The hot days of summer are turning into the cooler days of fall. Working on your yard and garden can be a lot more enjoyable without heat. And September is a great time to plant. Fall air is cooler, but the soil is still warm giving plants time to root and establish before winter. Read more on why Fall is for Planting.
Check out these tips to keep your garden looking its best and prepare it for the Winter and next Spring.
- Plant spring-flowering bulbs, like tulips, daffodils and hyacinths, this fall. Bulbs arrive in our stores in September. Shop early for the best selection.
- Refresh garden beds and container gardens with cold-tolerant, late-season annuals like pansies, kale, and cabbage.
- Divide and transplant early-blooming perennials and daylilies.
- Fall is a great time to plant trees and shrubs. Plants will have time to establish roots and get acclimated to their new home before winter begins.
- Be sure to use soil conditioner and Espoma’s Biotone Plant Starter when planting anything to give plants an extra boost.
Watch our Video: Late Summer Color
Fertilize, Maintain & Renovate
- Give spring-blooming trees and shrubs a dose of fertilizer, like Espoma’s Plant-tone. They need an extra boost this time of year to produce better buds and more flowers next year.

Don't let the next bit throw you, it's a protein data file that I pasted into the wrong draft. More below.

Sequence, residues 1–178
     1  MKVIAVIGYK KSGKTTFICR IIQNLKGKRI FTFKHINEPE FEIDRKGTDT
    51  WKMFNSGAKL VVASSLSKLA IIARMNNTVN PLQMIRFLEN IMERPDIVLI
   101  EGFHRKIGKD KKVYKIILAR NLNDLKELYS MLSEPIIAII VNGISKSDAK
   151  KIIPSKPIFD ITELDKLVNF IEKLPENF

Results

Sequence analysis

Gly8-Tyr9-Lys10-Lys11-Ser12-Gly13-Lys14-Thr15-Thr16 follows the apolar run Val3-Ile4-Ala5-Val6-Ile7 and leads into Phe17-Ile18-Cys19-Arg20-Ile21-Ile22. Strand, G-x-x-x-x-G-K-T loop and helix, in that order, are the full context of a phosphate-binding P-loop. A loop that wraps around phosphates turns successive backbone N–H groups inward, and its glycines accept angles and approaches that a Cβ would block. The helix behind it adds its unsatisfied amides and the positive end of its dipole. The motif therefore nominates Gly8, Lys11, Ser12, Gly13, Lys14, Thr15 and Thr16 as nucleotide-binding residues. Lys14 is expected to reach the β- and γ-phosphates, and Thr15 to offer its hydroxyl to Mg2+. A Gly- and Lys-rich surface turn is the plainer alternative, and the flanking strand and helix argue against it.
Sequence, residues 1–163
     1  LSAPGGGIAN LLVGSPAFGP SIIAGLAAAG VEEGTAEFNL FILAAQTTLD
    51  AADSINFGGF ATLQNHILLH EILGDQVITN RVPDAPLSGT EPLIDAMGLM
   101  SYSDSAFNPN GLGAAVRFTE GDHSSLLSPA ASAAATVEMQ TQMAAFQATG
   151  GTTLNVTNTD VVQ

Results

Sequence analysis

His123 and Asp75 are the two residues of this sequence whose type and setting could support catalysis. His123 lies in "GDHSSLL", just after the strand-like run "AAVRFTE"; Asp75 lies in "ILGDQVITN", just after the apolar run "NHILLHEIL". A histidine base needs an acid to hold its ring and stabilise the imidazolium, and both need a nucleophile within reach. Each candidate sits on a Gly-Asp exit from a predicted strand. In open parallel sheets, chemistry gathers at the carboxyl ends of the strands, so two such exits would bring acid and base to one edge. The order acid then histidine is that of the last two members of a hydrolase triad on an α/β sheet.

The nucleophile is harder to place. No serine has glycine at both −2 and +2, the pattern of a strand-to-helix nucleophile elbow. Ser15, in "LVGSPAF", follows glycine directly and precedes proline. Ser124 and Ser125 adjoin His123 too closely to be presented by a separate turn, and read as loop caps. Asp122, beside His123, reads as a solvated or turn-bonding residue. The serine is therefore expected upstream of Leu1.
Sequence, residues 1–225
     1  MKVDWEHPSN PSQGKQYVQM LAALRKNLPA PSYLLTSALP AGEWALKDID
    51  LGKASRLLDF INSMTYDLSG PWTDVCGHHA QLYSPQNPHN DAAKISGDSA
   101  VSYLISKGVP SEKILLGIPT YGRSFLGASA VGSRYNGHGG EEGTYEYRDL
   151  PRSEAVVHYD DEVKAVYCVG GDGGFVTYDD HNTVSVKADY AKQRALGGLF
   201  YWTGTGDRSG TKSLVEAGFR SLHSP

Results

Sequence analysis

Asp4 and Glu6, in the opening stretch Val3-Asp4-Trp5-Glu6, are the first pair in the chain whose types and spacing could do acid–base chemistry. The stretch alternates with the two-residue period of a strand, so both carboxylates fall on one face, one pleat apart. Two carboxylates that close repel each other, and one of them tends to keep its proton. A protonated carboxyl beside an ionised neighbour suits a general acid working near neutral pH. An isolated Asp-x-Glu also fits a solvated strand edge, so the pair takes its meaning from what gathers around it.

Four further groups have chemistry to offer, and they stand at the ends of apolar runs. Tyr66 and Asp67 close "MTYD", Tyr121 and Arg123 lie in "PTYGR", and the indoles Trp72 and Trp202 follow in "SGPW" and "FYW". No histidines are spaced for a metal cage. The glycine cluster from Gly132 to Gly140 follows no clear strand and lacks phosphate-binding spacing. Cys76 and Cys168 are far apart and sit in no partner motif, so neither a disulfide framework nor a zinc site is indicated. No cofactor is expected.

- Broadleaf evergreens will benefit from an application of a slow-release, soil-acidifying fertilizer to keep them healthy throughout the winter.
- Remove any fallen leaves and debris which can harbor insect pests and diseases.
- Continue to keep beds weed-free.
- Continue to deadhead perennials and prune plants of dead, diseased, crossing, or weak branches.
- Add organic matter, such as manure or soil conditioner, to improve garden soil.
- Assess areas in the garden which may need renovation by adding or subtracting plants.
- Add a two to three-inch layer of mulch to beds after cleanup to get them ready for winter. It’s like putting the comforter on the bed.
Harvest and Plan
- Plant cold crop plants like lettuce, radish, spinach and mustard greens.
- Harvest veggies and herbs. Freeze or dry herbs for use during the winter months.
- Feed tomato plants one last time.
- Remove spent and diseased plants.
- Continue to weed your garden.
- Considering preserving your harvest for use all year by canning your fruits and vegetables.
- Continue to monitor how much rainfall is received in the garden. Supplemental watering may be necessary to keep plants healthy.
- Water when the soil is dry to the touch about an inch down. Your finger is an ideal moisture meter.
- Keep watering until the ground freezes, usually mid-December.
Watch our video: Watering Tips
- De-thatch and aerate existing lawns to promote root growth.
- Spot seed lawns early in September so their roots have time to establish.
- Fall is the most important time to feed a lawn. Apply the year’s last fertilizer treatment in mid to late October before the temperatures dip below 50 degrees F.
- Keep mowing: The lawn is still growing and will need trimming.
- Continue to apply supplemental watering if there is a dry spell. Lawns need an inch of water per week. Add a rain gauge in the lawn to make sure.
- Fall is also a good time to lay fresh sod. It roots easily in the fall and will overwinter just fine. Be sure to water until the ground freezes, which could be mid-December.
Watch our video: Fall Lawn Care
For more information on transitioning your garden from summer to fall, visit any English Gardens location and talk with an expert.